Something From The Weekend: Jack Wilshere's England; England's bowlers; Neil Lennon
The Good, the Bad and the Odd
Monday 28 March 2011
Jack Wilshere's England
When did England last dominate possession like that? After being made to look like dumb animals in the last year by Hungary, Japan, Mexico and Montenegro, they finally played like a proper team on Saturday. Passing, movement, combinations – it was as if England had suddenly shed themselves of a century-long commitment to witless kick and rush. Or perhaps it was just to do with shedding Gareth Barry. With Jack Wilshere – who is brisker, sharper and braver than Barry – in the team, England had instinctive match-sense in midfield for the first time since the era of Paul Scholes. Wilshere tackles like Scholes and he passes and moves like him, too. Barry has a fight to get back into this team.
No James Anderson, no Stuart Broad, no imagination, no penetration no guile. England's attack against Sri Lanka on Saturday was as sharp as Inzamam-ul-Haq turning for a second run and about as lively, too. After months on the road injuries and fatigue are to be expected but when James Tredwell is in the team and Jade Dernbach is on the fringe then events have clearly departed from the plan. Seeing Tredwell, Luke Wright and Ravi Bopara bowl at Upal Tharanga and Tillakaratne Dilshan was the most acute portrait of futility since Waiting for Godot. It was reminiscent of the 2006 flaying Tharanga and Sanath Jayasuriya gave to Liam Plunkett, Jamie Dalrymple and Alex Loudon, who were all probably close to a call-up last week.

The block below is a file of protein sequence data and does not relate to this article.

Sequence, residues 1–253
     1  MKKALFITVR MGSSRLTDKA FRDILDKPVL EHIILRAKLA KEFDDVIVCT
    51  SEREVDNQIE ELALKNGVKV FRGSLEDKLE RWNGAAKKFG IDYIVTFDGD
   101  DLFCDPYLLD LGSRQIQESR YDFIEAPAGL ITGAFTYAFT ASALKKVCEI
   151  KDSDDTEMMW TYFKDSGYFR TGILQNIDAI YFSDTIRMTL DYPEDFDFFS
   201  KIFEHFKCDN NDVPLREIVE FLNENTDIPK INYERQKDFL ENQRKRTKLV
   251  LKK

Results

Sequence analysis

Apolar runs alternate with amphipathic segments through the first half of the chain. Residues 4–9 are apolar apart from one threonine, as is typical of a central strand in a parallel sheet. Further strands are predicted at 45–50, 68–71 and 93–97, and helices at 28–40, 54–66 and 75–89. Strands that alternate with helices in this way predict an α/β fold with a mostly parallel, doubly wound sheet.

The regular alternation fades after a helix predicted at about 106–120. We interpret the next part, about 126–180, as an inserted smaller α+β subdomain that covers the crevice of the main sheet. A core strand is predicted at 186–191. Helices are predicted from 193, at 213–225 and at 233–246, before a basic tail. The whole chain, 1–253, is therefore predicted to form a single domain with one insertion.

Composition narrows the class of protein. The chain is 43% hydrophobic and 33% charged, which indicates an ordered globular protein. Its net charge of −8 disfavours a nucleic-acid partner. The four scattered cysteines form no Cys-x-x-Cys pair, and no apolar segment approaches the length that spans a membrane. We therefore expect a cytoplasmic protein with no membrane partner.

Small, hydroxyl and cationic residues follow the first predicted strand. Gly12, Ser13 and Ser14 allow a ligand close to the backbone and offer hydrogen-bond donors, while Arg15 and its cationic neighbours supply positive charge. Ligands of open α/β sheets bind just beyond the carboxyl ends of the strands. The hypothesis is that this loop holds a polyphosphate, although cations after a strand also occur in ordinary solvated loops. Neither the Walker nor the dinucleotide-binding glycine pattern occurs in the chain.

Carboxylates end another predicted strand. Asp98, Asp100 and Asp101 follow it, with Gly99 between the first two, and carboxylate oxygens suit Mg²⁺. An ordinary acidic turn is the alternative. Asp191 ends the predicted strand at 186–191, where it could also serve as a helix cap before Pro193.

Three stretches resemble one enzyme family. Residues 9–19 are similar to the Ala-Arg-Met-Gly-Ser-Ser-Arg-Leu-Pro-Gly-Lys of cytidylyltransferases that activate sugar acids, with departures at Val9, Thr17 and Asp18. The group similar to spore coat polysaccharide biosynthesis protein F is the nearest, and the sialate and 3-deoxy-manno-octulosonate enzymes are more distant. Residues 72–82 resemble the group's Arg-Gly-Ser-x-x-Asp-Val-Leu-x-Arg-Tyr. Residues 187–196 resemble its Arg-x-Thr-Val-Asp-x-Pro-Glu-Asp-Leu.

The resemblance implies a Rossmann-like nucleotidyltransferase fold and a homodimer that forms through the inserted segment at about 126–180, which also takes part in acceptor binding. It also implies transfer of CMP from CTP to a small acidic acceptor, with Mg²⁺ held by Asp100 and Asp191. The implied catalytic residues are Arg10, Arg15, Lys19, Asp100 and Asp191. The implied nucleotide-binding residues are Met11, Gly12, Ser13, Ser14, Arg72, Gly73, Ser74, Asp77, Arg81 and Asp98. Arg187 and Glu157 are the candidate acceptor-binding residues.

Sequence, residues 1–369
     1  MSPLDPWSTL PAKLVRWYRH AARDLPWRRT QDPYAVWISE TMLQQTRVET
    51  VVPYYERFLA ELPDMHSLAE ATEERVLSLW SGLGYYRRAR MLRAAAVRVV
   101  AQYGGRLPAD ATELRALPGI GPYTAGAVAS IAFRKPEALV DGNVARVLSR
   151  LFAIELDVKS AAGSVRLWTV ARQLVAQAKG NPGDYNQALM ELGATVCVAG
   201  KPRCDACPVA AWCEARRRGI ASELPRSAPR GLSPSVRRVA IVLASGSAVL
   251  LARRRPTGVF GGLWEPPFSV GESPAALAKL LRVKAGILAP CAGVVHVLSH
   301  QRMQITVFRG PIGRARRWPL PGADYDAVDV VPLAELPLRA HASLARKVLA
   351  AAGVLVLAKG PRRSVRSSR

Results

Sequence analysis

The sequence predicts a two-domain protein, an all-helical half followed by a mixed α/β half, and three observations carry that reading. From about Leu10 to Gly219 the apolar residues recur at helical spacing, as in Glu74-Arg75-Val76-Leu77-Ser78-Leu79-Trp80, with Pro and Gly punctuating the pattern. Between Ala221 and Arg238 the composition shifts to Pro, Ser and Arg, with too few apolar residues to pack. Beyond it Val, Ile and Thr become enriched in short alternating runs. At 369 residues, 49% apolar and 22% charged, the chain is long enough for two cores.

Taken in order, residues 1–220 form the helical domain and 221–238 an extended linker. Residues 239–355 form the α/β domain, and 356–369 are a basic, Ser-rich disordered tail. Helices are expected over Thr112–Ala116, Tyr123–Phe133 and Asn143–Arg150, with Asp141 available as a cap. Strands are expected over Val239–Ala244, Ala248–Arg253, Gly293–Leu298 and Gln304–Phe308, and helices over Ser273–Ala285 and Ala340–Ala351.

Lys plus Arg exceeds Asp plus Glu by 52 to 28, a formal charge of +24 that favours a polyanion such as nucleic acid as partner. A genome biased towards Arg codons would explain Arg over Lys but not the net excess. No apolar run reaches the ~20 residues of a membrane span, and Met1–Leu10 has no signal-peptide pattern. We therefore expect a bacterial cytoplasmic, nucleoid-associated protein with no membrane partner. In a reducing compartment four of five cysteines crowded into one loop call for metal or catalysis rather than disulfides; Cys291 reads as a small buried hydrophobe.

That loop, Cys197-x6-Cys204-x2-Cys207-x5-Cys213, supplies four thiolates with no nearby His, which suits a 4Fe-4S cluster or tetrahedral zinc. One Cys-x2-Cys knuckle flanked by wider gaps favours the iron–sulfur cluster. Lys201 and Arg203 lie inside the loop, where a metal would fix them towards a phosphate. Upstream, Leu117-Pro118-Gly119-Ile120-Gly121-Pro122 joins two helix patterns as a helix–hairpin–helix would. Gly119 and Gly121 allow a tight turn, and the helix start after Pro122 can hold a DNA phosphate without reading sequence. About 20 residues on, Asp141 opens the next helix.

The Celtic manager's one-man diplomatic mission continued on Saturday. His team were playing a friendly for charity against Athletic Bilbao, a club with whom Celtic have much in common, in terms of being a champion of regional identity. The game was to raise money for youth football in Bilbao. But, despite the fraternal setting, Lennon could not quite conduct himself in the spirit of the occasion. After just 33 minutes of the tie, a free-kick decision went against him and Lennon's complaints were such that he was banished to the stands. Childish behaviour in Old Firm games may be the point of the exercise, but in a charity friendly it is discordant. Even by Lennon's standards.
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